Category Archives: Tax Tips

How to cut taxes under the new tax act

Now that the massive new Tax Cuts and Jobs Act (TCJA) is finally the law of the land, what should you do? Every situation is different, but here are several practical suggestions for improving your tax outlook for 2018 and beyond:

  • Adjust your withholding. There are “winners” and “losers” due to changes in tax rates, the increased standard deduction, the loss of personal exemptions and cutbacks and repeals of deductions. We can help you figure out how this will affect your situation. Depending on your needs and wants, you may end up increasing or decreasing your take-home pay by revising your W-4.
  • Make your move. Pulling up stakes just because of new laws is a drastic reaction. However, if you were planning to move soon anyway, now may be the time to do it if you reside in a high-tax state. The TCJA limits the annual state, local and property tax deduction to $10,000 for itemizers. If you do move, remember that job-related moving expenses are no longer deductible.
  • Pile up medical expenses. The threshold for deducting medical expenses is rolled back to 7.5 percent of adjusted gross income (down from 10 percent) for 2017 and 2018. If you can clear the lower hurdle this year, schedule routine doctor and dentist visits or finally undergo that surgery you’ve been putting off. The extra expenses will boost your medical deduction.
  • Tap a 529 plan for private school. The new law expands the use of 529 education savings plans to cover private elementary and secondary schools. It’s not just for college or grad school anymore. Distributions are exempt from tax, but be careful. Make sure you’ll still have enough money in the account to pay for higher education.

Finally, coordinate your tax strategies into an overall plan for 2018. This is a better approach than trying to cash in on tax breaks one at a time. Give Carl Heinemann, your Chattanooga CPA, a call and we can help.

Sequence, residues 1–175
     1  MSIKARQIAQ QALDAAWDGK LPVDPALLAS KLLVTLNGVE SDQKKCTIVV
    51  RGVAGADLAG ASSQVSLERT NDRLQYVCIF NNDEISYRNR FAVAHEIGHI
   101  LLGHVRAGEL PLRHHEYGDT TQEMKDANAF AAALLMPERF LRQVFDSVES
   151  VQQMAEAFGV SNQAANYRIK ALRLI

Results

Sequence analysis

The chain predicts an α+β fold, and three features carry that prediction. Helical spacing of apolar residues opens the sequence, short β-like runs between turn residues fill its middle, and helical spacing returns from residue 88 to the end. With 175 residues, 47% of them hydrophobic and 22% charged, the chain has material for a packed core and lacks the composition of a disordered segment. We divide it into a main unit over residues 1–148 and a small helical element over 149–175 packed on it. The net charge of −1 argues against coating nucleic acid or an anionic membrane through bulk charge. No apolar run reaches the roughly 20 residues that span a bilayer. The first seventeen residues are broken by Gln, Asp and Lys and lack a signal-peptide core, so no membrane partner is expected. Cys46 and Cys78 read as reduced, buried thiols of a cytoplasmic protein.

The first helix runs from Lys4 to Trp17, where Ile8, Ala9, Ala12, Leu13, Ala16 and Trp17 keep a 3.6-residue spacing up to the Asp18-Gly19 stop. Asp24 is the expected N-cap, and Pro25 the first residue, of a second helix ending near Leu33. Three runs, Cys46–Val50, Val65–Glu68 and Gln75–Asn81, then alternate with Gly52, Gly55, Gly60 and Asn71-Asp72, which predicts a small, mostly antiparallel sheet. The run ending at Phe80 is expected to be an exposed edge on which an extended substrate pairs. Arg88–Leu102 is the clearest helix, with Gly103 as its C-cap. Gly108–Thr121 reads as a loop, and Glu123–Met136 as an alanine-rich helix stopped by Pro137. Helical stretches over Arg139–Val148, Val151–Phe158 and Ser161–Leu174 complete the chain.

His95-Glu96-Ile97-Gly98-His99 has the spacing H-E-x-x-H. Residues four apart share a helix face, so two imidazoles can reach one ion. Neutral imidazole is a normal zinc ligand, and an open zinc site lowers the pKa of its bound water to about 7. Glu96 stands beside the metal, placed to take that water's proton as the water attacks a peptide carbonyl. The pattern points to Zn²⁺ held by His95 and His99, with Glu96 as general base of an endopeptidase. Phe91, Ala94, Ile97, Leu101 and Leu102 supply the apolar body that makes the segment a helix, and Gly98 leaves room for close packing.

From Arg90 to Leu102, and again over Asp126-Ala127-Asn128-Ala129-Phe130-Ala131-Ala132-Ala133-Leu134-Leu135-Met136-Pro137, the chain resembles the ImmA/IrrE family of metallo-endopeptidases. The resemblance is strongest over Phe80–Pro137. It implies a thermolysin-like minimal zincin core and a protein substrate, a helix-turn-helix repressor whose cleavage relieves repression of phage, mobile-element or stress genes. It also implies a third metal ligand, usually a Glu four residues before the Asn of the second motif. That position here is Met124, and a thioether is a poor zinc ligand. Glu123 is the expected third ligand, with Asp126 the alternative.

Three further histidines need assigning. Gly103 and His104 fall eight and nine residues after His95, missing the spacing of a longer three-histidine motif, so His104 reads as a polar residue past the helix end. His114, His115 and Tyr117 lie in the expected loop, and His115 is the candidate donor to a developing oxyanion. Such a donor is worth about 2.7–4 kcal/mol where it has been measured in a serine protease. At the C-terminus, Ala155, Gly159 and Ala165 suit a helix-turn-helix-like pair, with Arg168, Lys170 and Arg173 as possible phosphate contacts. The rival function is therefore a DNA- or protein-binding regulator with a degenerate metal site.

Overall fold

Can you deduct IRA contributions?

It’s 2018, so it’s too late to cut your 2017 tax bill…right? Wrong. If you qualify, you can deduct all or part of a contribution to a traditional IRA made before April 17, 2018 on your 2017 tax return. If you don’t qualify for a deduction you may contribute to a Roth IRA instead. In that case, the contribution is nondeductible.

With either type of IRA, you can contribute up to $5,500 ($6,500 if you’re age 50 or older) for the 2017 tax year.

1. Traditional IRAs: The deduction for contributions phases out if your income exceeds certain levels and you participate in a 401(k) or other employer-provided retirement plan (or your spouse participates). Distributions are generally taxable, and a 10 percent penalty usually applies to distributions before age 59½.

Contribution tip: If you file your 2017 return early enough, you can use your tax refund to fund a deductible contribution. The IRS doesn’t mind as long as the IRA money is deposited by April 17.

2. Roth IRAs: The ability to contribute to a Roth IRA phases out if your income exceeds certain levels, depending on your filing status. Unlike traditional IRAs, you can never deduct Roth contributions, but distributions after age 59½ are generally exempt from tax and the 10 percent penalty.